I don‘t get that, exactly.

FREELAND:  Well, speaking as a married woman, maybe it‘s because they‘re a little older.  Maybe they have a little more contact with us every day.  And we all know that that can cause some strains. 

MATTHEWS:  You mean to know you is not to love you? 


MATTHEWS:  There‘s more friction on the table.

FREELAND:  I think uppity woman perception of Hillary is a real problem.  There‘s also another issue with Hillary, which is this question of authenticity that we come back to again and again.  But with the married men, it‘s got to be sexism.  Why else would they particularly be so strongly different from women when it comes to Hillary? 

MATTHEWS:  I‘m going to ask that same question to Jim Warren of the

“Chicago Tribune.”  Why do men, 55 percent, say openly to pollsters—And

I have to assume, by the way, a lot of these pollsters calling up are women

so I‘m not sure this gender thing carries through.  It may be the authenticity issue.  They‘re saying to the face of the pollster on the line, no, I won‘t ever vote for Hillary as long as I live.  They‘re willing to say that. 

WARREN:  Two things, first of all, is that the first public disclosure of your French horn past? 

MATTHEWS:  Yes, it is.  The next time you see a Robin Hood movie, listen for the sound. 

WARREN:  Second, as far as the Katie Couric factor, in all due respect, what‘s most interesting about the Katie Couric negatives; they‘re higher among women than they are among men, women who don‘t buy into the notion of a women reading them the news.  That‘s just a parenthetical. 

But as far as Hillary and men, I think a lot it just has to do with the anxiety of having this tough gal out there.  They just don‘t feel it, you know, fits the role of too many women.  Now, does that make her winning impossible?  No, obviously not, because look at the pretty sky-high approval rating among women, particularly lower-income women.  Just as that might be a ticking time bomb in the Democrats‘ camp, you have also got the fact that the Republicans should be real nervous about women turning against them on mass, particularly as the war continues.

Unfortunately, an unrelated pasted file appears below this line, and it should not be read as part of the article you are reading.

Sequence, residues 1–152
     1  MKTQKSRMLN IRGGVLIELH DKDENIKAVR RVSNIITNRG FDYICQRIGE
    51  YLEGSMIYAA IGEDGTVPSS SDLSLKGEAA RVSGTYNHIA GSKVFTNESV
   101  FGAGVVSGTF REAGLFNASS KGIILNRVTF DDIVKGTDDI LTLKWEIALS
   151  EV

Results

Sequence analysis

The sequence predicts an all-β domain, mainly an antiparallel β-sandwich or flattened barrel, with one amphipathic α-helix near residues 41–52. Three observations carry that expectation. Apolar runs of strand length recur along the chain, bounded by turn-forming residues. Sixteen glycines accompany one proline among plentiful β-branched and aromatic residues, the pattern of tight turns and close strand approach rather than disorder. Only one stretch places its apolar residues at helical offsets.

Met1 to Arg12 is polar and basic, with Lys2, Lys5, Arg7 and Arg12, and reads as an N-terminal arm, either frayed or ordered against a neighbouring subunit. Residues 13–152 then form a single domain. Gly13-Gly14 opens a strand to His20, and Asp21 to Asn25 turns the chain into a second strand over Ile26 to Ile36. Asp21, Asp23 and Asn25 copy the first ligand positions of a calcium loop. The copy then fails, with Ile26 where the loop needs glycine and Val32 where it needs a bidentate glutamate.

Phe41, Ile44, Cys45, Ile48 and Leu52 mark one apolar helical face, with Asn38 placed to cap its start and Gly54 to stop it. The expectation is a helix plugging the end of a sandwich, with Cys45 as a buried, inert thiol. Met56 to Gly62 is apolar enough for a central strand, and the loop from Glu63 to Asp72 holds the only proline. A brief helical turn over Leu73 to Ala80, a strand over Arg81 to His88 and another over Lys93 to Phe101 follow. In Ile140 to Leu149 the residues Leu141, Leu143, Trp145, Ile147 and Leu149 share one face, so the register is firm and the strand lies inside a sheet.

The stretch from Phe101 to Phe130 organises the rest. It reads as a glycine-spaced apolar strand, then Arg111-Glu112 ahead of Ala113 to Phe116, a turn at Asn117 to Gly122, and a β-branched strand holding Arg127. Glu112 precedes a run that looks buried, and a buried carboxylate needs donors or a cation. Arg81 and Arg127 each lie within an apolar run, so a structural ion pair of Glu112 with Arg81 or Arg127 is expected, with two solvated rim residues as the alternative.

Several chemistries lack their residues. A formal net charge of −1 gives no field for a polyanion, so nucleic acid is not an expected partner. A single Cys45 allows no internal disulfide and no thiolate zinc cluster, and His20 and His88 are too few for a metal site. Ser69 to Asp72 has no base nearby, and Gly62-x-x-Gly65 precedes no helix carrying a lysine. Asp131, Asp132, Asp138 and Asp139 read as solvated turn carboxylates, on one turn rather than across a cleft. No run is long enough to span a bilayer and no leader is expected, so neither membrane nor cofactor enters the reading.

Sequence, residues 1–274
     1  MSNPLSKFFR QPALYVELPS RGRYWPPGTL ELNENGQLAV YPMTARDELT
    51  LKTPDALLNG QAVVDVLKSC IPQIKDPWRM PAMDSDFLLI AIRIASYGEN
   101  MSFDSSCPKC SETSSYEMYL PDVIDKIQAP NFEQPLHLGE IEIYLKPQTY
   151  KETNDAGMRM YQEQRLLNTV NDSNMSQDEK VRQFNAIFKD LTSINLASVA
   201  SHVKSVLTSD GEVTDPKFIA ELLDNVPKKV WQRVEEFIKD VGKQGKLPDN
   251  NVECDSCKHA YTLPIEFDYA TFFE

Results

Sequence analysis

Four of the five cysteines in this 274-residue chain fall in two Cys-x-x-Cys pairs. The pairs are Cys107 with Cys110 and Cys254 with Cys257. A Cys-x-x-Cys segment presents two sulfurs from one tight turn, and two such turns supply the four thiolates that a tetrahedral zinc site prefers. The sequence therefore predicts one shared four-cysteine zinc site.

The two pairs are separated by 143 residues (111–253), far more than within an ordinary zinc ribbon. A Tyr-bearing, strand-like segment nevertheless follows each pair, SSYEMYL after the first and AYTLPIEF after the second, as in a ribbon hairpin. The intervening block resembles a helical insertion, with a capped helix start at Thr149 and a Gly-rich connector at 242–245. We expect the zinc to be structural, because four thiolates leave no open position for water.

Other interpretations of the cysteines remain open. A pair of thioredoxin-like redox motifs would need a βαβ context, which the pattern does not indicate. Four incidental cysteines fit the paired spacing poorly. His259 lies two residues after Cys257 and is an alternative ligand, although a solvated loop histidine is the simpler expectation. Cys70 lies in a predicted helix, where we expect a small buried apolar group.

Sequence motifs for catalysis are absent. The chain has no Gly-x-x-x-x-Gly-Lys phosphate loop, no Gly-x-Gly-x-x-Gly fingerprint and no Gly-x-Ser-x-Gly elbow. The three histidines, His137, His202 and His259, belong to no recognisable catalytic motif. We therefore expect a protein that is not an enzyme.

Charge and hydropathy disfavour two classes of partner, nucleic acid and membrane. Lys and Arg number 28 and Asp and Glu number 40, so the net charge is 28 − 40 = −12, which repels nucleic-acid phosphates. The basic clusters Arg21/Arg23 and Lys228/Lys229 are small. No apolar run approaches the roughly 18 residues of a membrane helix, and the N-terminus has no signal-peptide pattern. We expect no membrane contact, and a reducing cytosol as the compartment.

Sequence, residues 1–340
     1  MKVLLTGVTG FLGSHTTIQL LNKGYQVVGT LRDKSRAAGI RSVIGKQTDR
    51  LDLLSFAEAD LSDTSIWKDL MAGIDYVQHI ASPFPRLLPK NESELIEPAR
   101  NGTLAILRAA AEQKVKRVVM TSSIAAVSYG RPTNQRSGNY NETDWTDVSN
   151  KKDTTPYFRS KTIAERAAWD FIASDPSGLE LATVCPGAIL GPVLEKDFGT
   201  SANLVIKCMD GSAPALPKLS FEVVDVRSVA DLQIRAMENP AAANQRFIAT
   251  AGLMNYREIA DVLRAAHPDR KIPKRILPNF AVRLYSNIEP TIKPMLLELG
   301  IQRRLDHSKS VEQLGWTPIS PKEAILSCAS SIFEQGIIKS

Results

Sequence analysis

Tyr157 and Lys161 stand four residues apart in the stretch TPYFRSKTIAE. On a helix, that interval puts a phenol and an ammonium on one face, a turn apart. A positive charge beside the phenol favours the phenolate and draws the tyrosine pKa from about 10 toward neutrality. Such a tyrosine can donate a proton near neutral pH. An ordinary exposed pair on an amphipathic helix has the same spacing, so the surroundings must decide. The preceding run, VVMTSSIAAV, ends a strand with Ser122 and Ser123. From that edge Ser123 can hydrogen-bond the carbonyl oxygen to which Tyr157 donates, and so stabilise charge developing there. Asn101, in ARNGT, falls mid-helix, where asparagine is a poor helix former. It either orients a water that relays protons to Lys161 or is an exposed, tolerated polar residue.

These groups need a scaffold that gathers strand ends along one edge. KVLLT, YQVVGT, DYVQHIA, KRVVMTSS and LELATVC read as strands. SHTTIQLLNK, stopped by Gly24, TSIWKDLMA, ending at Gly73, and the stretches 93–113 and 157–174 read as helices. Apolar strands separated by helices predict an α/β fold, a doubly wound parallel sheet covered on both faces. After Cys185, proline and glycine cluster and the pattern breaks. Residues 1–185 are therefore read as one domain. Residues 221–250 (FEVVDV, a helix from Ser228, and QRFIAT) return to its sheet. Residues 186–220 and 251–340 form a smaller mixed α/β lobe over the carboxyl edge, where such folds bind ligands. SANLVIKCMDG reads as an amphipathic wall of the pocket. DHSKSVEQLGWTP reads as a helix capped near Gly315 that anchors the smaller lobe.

MATTHEWS:  Patrick Healy, are you amazed at this 55 percent of married men saying they will never vote for Hillary? 

HEALY:  I can‘t say I am, Chris.  I mean, the Hillary camp has said for a long time that people who don‘t like her basically fall into two camps.  Either they think she‘s too liberal or she‘s too, you know, rhymes with witchy.  It really sort of bugs them.  It‘s interesting that it‘s married men though that‘s such a sizable number.  I guess these are guys who have gone through the gender wars and the mommy wars and everything like that, and maybe they‘re worried that—maybe her strength, which a lot of people see as a positive, just comes off as too—you know, too pushy or just sort of unlikable to them. 

MATTHEWS:  Yes, and I wonder how many say they will vote for her, who are not going to do it, because the person polling them is a woman. 

Up next, President Bush is nearing Nixonian disapproval levels in the polls.  I‘m not sure he‘s this hated was as Bush—as Clinton—I‘m sorry, as Nixon was.  But now only one in five Americans say the country is going in the right direction right now.  Which presidential candidates are in the best position to cash in, if you will, on this need to change?  This is HARDBALL, only on MSNBC.


MATTHEWS:  Welcome back to HARDBALL.  Let‘s take a look at a big number tonight.  It‘s in the new NBC/”Wall Street Journal” poll.  I‘ve mentioned it before.  It is so big; 74 percent of the country now want the next president to take a different approach than President Bush.  It seems to me that says the Democrats are in better shape than the Republicans going into this election.  If you want big change, you usually want a partisan shift.  That‘s the way it has always been in this country.